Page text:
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By Patrick McGreevy
September 17, 2015

The state’s campaign finance watchdog agency on Thursday adopted new requirements that nonprofit groups that contribute through a federal political action committee to support or oppose ballot measures or candidates in California must disclose their donors.

“The amendment to this regulation clarifies that so-called ‘dark money,’ originating from nonprofit or other organizations whose donors are not disclosed, is not permitted in California elections,” said Hyla P. Wagner, general counsel for the state Fair Political Practices Commission in a report to the panel.

Legislation and previous action by the commission had generally required disclosure of donors where money went to support or oppose candidates and ballot measures in California.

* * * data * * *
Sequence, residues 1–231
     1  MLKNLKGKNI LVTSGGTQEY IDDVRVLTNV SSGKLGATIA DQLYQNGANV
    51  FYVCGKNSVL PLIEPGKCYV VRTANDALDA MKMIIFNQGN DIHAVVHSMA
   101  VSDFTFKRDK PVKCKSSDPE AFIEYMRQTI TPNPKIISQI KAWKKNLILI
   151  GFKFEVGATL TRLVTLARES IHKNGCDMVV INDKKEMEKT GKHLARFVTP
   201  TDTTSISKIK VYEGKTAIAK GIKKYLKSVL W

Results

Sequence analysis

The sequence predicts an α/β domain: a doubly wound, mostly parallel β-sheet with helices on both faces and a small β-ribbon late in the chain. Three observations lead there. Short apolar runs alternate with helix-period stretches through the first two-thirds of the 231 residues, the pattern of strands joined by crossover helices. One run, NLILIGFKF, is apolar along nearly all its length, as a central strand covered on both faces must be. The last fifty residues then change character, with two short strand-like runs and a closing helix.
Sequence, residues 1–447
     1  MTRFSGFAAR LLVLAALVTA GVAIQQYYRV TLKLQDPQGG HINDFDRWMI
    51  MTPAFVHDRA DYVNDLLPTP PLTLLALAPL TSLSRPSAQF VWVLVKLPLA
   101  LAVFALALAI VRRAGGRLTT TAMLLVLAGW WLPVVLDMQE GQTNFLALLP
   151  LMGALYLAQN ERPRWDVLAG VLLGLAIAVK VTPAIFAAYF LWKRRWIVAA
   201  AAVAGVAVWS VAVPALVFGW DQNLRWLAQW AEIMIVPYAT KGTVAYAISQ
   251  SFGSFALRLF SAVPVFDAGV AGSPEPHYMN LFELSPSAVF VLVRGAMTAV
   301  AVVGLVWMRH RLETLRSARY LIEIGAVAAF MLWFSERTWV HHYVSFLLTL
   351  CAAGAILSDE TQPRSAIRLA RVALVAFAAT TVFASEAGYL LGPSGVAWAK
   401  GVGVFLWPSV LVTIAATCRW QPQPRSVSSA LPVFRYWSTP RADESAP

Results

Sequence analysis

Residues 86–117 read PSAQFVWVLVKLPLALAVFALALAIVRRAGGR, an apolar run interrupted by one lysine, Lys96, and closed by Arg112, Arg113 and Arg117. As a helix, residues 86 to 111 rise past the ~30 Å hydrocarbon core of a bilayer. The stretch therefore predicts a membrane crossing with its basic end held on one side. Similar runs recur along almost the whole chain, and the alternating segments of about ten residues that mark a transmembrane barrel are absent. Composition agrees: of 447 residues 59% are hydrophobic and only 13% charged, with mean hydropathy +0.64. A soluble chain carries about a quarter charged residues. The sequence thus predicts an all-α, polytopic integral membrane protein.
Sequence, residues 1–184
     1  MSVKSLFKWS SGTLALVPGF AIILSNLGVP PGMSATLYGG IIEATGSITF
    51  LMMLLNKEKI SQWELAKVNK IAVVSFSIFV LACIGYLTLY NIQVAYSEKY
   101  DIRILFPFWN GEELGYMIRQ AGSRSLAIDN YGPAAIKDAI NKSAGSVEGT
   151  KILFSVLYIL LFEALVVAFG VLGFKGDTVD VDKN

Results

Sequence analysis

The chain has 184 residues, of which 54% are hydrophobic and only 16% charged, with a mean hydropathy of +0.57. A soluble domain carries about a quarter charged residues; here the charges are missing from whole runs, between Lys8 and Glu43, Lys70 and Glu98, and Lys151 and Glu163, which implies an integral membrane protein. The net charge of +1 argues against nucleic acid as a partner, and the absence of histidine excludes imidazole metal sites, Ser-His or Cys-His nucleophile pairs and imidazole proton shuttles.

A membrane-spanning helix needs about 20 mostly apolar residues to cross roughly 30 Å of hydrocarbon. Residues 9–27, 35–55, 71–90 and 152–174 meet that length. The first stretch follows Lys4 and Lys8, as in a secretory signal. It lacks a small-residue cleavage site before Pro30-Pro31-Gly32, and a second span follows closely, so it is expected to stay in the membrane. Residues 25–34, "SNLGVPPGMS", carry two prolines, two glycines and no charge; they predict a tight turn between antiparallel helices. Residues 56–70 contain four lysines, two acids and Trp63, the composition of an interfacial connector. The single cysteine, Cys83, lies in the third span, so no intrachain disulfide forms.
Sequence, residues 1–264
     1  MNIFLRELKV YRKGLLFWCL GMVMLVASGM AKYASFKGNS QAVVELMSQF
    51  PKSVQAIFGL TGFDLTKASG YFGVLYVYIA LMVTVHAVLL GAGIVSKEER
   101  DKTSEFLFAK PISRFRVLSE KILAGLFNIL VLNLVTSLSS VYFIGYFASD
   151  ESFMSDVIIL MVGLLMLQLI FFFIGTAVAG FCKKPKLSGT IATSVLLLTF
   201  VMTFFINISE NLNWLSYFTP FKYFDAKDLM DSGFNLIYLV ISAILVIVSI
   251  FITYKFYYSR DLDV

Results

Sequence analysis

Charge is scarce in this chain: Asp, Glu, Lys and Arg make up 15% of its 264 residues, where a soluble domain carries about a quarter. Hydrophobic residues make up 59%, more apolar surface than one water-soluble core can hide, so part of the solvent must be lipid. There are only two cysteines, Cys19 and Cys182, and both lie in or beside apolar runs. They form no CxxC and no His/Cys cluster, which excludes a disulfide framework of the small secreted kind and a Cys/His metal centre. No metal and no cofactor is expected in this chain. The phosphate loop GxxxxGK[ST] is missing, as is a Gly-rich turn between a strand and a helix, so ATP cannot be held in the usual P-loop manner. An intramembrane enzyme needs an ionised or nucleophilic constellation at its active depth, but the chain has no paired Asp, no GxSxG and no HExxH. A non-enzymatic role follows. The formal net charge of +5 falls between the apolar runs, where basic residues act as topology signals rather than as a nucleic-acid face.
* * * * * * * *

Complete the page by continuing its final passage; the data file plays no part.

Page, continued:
But state officials were concerned about a possible loophole that would allow nondisclosure of donors if nonprofits make contributions through federal or out-of-state political action committees, rather than in-state PACs.

“It is significant that dark money will not be coming into California,” said Jodi Remke, the commission’s chairwoman, after the vote. “We heard rumblings from various federal PACs and out-of-state committees about this rule not applying to them. This closes a major potential loophole in California’s reporting requirements to stop any kind of undisclosed donors and dark money.”

The action implements a change authorized last year by the Legislature in response to an FPPC investigation into the dark-money issue.

That probe resulted in fines against two Arizona nonprofits for hiding the true source of funds they put into a campaign to fight Gov. Jerry Brown’s 2012 tax-hike campaign and to promote a measure intended to curtail unions’ political influence.

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